One tactic doctors used to address “the feeding question” was the creation of public health campaigns to convince mothers to breastfeed — and the messaging in these campaigns could get very aggressive. A poster widely shared in Chicago implored mothers to breastfeed and discouraged them from substituting with cow’s milk, using the headline, “Mother’s milk for mother’s babe, cow’s milk for cows,” and concluding with, “You can’t improve on God’s plan. For your baby’s sake — nurse it!”
“Today, we would call it shaming,” Wolf says of these breastfeeding campaigns. “But then, it was considered a public health imperative. Thirteen percent of babies died before their first year in 1900.”
And concerns about cow’s milk weren’t unjustified. Refrigeration didn’t exist and ice was an expensive commodity, so cow’s milk was often unsafe to drink by the time it made its way from a rural farm to consumers in the city. So doctors launched “the certified milk movement” and began to work with dairy farmers who would agree to produce milk under safer conditions, such as pasteurizing the milk, keeping it cold constantly and sanitizing milk bottles.
“The dairy industry fought every innovation tooth and nail,” Wolf says. “They literally said it would be a job-killer, that milk would become unaffordable — everything we take for granted as keeping us safe and healthy was fought by the dairy industry.”
These so-called “milk wars” battling the dairy industry began in the 1880s and continued until the end of the 1920s.
In the meantime, parents turned to other methods for feeding their babies, such as canned milk, which had been available since the Civil War era in the mid-1860s. “Proprietary infant food companies,” which created a product akin to today’s formula, also sprang up around this time and invented powdered concoctions with ingredients like grain, wheat and oats designed to be mixed with water or milk.
Wealthier women who didn’t want to hire a wet nurse to breastfeed their baby might turn to mathematical formulas written by their doctor that could supposedly “humanize cow’s milk.”
“Mothers would take the prescription — this mathematical formula — to a milk laboratory, hand it to a chemist, and then they’d be given this liquid back. Based on the mathematical formula, doctors would tweak cow’s milk to roughly mimic the percentages of protein and milk sugar and fat in human milk,” Wolf explains. “From the 1890s through the 1920s, the main thing they learned in medical school and in their practice was how to write these complicated formulas. That was the focus of pediatrics.”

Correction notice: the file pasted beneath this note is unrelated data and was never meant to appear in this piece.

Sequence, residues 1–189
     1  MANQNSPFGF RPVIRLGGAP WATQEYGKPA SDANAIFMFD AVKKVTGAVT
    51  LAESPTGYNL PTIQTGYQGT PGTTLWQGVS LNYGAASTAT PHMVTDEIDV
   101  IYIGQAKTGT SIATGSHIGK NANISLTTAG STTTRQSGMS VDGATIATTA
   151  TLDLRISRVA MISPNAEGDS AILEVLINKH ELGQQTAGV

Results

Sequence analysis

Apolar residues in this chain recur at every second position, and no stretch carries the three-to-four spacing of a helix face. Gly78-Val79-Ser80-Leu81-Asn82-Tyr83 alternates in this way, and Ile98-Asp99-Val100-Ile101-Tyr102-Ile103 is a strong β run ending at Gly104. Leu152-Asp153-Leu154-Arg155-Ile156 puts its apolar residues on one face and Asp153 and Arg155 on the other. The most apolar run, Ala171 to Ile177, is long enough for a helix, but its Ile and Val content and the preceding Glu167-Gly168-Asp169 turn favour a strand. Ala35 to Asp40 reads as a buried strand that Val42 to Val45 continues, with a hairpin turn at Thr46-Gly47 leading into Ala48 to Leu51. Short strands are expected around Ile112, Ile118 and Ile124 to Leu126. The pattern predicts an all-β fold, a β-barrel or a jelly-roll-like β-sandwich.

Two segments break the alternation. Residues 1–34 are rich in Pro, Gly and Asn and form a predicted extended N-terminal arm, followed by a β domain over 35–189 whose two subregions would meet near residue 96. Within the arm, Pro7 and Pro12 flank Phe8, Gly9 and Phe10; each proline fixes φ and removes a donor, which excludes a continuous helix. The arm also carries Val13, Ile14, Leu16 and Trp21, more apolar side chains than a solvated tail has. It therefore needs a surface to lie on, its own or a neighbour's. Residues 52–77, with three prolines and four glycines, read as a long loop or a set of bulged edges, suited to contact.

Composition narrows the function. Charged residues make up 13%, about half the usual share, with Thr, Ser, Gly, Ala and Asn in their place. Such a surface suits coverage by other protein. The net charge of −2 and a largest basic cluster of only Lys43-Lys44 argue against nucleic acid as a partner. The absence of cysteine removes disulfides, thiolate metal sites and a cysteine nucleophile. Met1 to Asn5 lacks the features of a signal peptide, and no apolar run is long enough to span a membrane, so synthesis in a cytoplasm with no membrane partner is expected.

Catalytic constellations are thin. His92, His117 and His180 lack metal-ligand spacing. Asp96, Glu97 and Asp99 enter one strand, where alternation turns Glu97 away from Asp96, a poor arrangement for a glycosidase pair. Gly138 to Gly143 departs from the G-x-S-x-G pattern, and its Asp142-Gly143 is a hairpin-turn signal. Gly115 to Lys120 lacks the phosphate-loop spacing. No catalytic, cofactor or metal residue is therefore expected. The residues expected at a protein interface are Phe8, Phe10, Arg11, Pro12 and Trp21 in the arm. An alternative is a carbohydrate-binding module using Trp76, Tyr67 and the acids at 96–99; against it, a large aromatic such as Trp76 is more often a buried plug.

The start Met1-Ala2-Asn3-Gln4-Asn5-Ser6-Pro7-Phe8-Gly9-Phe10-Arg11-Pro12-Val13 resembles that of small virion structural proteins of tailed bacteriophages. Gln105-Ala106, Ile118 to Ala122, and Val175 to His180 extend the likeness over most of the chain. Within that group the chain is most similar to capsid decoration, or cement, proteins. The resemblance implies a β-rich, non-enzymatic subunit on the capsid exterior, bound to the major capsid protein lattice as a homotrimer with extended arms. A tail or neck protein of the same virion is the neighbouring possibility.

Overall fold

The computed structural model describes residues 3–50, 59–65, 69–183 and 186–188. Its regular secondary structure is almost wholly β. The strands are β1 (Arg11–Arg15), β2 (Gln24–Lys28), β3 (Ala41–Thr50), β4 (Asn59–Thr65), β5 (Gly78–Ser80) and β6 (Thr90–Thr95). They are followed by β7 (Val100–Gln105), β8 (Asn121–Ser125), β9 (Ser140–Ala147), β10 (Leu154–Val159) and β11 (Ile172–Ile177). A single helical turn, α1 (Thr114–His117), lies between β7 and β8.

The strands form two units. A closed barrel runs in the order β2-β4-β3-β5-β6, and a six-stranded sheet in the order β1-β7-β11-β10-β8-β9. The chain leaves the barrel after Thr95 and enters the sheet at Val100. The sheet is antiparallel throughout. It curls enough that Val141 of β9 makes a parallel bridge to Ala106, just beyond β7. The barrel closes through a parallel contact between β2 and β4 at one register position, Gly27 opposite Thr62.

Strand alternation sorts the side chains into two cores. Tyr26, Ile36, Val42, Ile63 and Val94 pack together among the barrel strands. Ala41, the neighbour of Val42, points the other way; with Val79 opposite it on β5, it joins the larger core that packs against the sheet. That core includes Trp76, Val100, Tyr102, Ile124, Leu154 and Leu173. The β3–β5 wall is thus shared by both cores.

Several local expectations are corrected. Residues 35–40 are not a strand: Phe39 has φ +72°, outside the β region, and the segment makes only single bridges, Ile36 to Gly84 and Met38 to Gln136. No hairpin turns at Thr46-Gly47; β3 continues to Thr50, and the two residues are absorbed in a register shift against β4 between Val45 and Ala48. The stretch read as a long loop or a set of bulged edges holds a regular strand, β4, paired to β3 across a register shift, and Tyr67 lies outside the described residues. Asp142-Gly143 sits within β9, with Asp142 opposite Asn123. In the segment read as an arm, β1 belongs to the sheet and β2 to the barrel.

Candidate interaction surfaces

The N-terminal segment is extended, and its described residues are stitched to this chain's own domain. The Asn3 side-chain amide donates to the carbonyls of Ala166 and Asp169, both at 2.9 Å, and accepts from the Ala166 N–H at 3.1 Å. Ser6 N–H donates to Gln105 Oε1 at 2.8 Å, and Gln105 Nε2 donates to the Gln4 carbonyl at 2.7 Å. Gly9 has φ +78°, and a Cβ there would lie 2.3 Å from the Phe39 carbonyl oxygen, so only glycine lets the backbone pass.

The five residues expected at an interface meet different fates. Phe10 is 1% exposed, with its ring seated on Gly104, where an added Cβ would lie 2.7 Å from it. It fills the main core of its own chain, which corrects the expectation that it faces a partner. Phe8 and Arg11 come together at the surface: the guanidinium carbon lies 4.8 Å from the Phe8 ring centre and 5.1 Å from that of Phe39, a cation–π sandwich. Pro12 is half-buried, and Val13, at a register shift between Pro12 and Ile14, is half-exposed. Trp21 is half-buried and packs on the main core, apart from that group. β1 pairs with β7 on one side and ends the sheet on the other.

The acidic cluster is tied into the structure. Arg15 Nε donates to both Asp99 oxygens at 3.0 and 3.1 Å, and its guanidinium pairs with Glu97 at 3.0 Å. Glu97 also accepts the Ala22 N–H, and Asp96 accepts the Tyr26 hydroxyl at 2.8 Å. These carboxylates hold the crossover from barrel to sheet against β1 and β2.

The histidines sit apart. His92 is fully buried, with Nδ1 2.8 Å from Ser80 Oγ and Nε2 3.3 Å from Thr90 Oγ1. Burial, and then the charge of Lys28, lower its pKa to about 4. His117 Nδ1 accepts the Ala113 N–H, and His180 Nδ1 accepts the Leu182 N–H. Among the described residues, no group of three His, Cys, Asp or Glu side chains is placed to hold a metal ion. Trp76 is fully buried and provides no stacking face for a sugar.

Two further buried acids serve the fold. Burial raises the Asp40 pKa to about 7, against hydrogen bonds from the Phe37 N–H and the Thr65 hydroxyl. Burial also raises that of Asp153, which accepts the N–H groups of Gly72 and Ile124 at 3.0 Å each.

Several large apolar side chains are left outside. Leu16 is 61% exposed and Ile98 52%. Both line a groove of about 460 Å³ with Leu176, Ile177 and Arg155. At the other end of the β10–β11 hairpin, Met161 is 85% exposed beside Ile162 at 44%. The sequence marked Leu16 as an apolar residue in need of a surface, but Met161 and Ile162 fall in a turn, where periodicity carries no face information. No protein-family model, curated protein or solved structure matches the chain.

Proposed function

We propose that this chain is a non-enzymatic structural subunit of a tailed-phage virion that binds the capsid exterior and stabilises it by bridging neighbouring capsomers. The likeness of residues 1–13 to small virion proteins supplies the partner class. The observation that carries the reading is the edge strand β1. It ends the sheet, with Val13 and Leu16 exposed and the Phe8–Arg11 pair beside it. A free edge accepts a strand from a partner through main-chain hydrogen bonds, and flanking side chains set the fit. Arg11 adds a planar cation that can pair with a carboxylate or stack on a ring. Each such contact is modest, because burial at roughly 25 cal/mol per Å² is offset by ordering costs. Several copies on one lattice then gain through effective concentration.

By the 1930s “the milk wars” were over, cow’s milk was safe to drink — and doctors claimed the formulas had become obsolete, joking that the complex equations didn’t seem to have a function and had turned pediatrics into “higher astronomy.”
“These formulas just disappeared. But the word ‘formula’ did not,” Wolf says.
Post-World War II: Formula and the era of "we can do better than nature"
With a safe cow’s milk supply and other alternatives to breast milk becoming more mainstream, Wolf says people began to wonder if maybe breastfeeding wasn’t so great after all.
“You had pediatricians saying — and others echoed the sentiment in different words — ‘Just because it comes from the maternal glands, doesn’t mean it’s good. It may be nothing but water.’ A pediatrician actually said that about human milk, and that sentiment was echoed constantly after that,” Wolf says. “And that’s when the formula industry as we know it today began to burgeon.”
The formula industry gained steam in the 1930s and 1940s, then took off after World War II. Rather than making their products available to babies who would have died otherwise, formula companies focused their efforts on becoming a growth industry — and courted doctors in the process with gifts and elaborate vacations. Wolf says that for many doctors, it wasn’t a tough sell to convince them that formula was superior to breast milk.
“This was the era of ‘we can do better than nature,’” Wolf says.
In fact, the medical community became so dismissive of breast milk that by the mid-20th century many women weren’t even given the option to breastfeed.
“Obstetricians assumed by the late 1950s that mothers would not be choosing to breastfeed, and so women were very often immediately after birth given a hormone shot to dry up their milk. They weren’t even consulted; it was part of the normal routine of after-birth care,” Wolf says. “I talked to mothers who were just shocked that they weren’t able to breastfeed because they received this hormone shot without even being told. No discussion at all. But for doctors, they believed they were doing what was best for their patients, because formula was thought to be better and ‘why would anyone want to breastfeed?’”